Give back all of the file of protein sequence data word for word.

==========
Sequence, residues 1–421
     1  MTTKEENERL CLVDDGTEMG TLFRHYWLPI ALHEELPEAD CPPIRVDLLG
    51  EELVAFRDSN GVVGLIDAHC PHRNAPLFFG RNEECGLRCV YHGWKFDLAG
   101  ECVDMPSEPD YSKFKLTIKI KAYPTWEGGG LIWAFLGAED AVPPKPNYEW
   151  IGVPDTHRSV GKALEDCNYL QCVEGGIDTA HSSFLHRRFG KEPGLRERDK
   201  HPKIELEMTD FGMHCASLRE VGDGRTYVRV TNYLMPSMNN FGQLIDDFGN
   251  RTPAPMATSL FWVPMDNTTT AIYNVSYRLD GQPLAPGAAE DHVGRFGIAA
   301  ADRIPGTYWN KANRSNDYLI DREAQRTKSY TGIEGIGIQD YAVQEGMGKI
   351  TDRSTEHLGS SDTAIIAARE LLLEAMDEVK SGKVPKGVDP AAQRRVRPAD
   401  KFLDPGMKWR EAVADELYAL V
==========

Sequence, residues 1–421
     1  MTTKEENERL CLVDDGTEMG TLFRHYWLPI ALHEELPEAD CPPIRVDLLG
    51  EELVAFRDSN GVVGLIDAHC PHRNAPLFFG RNEECGLRCV YHGWKFDLAG
   101  ECVDMPSEPD YSKFKLTIKI KAYPTWEGGG LIWAFLGAED AVPPKPNYEW
   151  IGVPDTHRSV GKALEDCNYL QCVEGGIDTA HSSFLHRRFG KEPGLRERDK
   201  HPKIELEMTD FGMHCASLRE VGDGRTYVRV TNYLMPSMNN FGQLIDDFGN
   251  RTPAPMATSL FWVPMDNTTT AIYNVSYRLD GQPLAPGAAE DHVGRFGIAA
   301  ADRIPGTYWN KANRSNDYLI DREAQRTKSY TGIEGIGIQD YAVQEGMGKI
   351  TDRSTEHLGS SDTAIIAARE LLLEAMDEVK SGKVPKGVDP AAQRRVRPAD
   401  KFLDPGMKWR EAVADELYAL V